The last few minutes of the Atlantic crossing, St Lucia, Mum’s arrival, Peter /Javier’s departure, and the skipper in a wheel chair

Quick facts of the trip and then a blog update:

Passage = Las Palmas De Gran Canaria to St Lucia

Total Distance travelled = 2864nm

Time taken = 15 days and 8 hrs or 368hrs

Average Speed = 7.8kts

Top speed = 20.3kts Achieved by Javier surfing down a big wave

Best days (24hrs) average miles = 217nm

Average True wind angle (relative to the boat) = Down wind and in the Leigh (160-180 degrees)

Average True wind direction = North Easterly/Easterly

Average wind speed = 18kts

Max wind speed = 40kts

Min wind pressure = 0kts

Motoring propulsion hours = 0hrs

Engine charging hours=65hrs

Aussiemite consumed = 1 jar

Internet downloads = 35mb

Charm offensive position in division 1e = 3rd

Position overall = TBA


As we could smell the earthly air of land the excitement of finishing the Atlantic crossing and being in the Caribbean started to creep in. John and Javier quickly made a fishing lure to attract any last fish; we talked tactics and planned our arrival. There were many parties on arrival and some St Lucian Crew Olympics. I ended up in a wheel chair in hospital.  We all made hundreds of new friends and it was good to see familiar faces and my mum.

Javier and John spent hours making a killer fishing lure from orange fruit bags and bright coloured plastic bags. We were two days out and the lure had just been deployed when bang our alarm system rigged up to the fishing line went off with a shudder, within seconds while still surfing at 12kts we were pulling in a massive wahu. Much to everyone’s delight we ate the fish within the next few hours.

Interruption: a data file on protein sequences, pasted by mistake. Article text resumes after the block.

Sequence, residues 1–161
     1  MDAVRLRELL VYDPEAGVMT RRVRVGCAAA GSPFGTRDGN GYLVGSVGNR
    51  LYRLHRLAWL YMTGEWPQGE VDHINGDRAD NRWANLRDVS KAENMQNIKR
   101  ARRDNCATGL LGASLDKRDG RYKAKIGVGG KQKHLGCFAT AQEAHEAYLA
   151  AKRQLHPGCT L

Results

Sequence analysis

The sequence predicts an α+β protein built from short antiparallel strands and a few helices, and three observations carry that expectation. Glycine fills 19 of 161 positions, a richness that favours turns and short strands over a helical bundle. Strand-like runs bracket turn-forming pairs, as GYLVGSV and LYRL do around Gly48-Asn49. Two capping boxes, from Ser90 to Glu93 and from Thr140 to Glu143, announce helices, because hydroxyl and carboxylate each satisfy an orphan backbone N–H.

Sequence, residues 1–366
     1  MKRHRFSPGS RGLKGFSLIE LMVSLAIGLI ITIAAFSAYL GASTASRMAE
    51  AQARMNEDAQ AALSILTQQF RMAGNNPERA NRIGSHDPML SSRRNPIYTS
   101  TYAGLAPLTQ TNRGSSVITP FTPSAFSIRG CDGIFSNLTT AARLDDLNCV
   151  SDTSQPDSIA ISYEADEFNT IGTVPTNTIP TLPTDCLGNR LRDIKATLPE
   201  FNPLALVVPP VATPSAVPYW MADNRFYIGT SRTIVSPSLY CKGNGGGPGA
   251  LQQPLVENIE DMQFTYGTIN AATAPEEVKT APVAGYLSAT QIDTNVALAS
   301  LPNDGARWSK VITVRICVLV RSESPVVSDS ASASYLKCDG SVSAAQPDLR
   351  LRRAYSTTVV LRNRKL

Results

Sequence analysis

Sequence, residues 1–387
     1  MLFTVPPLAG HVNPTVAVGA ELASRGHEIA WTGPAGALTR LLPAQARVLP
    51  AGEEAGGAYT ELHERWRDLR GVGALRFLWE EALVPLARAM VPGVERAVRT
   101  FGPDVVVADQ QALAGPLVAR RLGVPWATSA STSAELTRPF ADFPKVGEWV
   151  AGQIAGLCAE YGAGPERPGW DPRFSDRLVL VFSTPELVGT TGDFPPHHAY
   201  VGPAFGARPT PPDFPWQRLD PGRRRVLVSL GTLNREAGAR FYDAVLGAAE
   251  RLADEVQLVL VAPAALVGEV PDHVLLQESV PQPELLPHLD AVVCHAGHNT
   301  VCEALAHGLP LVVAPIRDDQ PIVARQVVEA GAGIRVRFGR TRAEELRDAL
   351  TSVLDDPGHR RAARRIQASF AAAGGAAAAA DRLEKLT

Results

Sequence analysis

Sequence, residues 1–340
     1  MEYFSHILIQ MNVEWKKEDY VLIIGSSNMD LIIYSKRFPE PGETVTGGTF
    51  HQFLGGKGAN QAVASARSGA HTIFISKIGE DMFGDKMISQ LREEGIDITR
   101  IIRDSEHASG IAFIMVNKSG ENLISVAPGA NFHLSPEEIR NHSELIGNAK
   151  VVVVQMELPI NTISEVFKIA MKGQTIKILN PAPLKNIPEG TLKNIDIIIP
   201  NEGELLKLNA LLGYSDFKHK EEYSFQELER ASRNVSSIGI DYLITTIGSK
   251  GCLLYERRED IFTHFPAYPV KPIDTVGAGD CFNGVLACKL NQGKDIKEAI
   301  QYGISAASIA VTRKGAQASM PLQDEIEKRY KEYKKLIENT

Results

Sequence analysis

The finishing line was an interesting one, we had two boats behind us and we were going as fast as we could to keep a distance from them, one was an Oyster 82 from America (in hot pursuit of us) and the other a 52ft aluminium yacht called Drina from Sydney. As we rounded Pigeon Island we tightened from a broad reach to a close reach with 20kts of wind, the boat was flying upwind and we aimed for the port maker to shorten our distance as we came in. The sun was shining and it was a beautiful day. The camera man was there taking some photos and Javier who was on the main just wanted to get in the photos. As we got closer to the mark a 25kt gust hit us and I asked Javier to ease the main, Javier just sat there smiling at the camera and waving, I asked again with a bit more anxiety/anger in my voice as we were about to round up. I was counter steering more and more, Javier just kept smiling and waving and then I hit Javier in the back the second before we rounded up only 4m from the finishing line. Javier realized what was happening and dumped the main and we made it through the finish line just in time. I haven’t seen the photo but I think the shot of Javier realizing what had almost happened would have been the best shot.